Businesses query GNWT’s approach

The Yellowknife Chamber of Commerce last week published a letter supporting the idea that those who leave the NWT for personal, non-essential reasons should pay for their own stay in an isolation centre on their return, instead of placing the financial burden on the taxpayer.

The chamber said its members have had to cover the cost of employees’ isolation on many occasions, in accordance with existing GNWT policy.

The letter described companies who could not afford to bring in staff to complete projects, as well as staff abandoning work in the NWT and turning around before their isolation period ended.

“If the GNWT is going to continue to pay the self-isolation costs for an individual’s discretionary travel, then we suggest that the GNWT consider providing financial support to help offset these mandatory costs for businesses,” the chamber concluded.

A chart from an NWT government discussion paper shows isolation centres, in grey, accounting for $17.2 million – or 54 percent – of the territory’s pandemic response budget.

The NWT Chamber of Commerce, in a letter of its own, said the “blanket covering of costs” for NWT residents at isolation centres “needs to be rectified.”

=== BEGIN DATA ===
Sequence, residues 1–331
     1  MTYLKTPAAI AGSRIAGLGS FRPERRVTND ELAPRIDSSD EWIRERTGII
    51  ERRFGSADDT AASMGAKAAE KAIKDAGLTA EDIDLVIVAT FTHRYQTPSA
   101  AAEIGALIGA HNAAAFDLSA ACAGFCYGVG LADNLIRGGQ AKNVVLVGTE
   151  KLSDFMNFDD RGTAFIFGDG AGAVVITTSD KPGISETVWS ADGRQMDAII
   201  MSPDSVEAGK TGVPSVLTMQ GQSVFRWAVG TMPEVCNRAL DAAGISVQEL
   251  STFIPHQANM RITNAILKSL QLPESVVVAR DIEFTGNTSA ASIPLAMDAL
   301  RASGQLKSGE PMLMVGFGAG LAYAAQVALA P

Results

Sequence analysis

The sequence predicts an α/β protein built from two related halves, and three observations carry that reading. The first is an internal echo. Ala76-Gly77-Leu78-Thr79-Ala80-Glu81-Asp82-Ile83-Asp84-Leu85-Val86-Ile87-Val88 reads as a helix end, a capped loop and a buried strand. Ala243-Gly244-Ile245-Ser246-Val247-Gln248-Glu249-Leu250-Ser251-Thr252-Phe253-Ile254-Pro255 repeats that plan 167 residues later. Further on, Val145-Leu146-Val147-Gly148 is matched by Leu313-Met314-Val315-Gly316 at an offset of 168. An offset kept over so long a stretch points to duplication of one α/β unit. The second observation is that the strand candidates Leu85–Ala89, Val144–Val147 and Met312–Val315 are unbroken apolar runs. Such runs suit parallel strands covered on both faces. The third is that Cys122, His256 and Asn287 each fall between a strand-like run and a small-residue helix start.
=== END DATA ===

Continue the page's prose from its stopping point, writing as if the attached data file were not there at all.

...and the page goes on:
“No other jurisdiction, including Nunavut, blindly pays for their residents to isolate,” the NWT chamber added.

Unfair to smaller communities?

Sean Whelly, the mayor of Fort Simpson, believes charging for some stays at isolation centres will be unfair to residents of smaller communities.

If Fort Simpson residents wish to take a vacation, community members have argued, they have no choice but to isolate in a larger hub and – if the policy changes – foot the bill.

Residents of those hub communities, however, could take a vacation at any time and isolate at home on their return, for free.

“It really only affects the people in the smaller communities,” Whelly said.

One way to fix that would be to let Fort Simpson residents isolate at home too, if they chose – expanding the list of communities where isolation is allowed.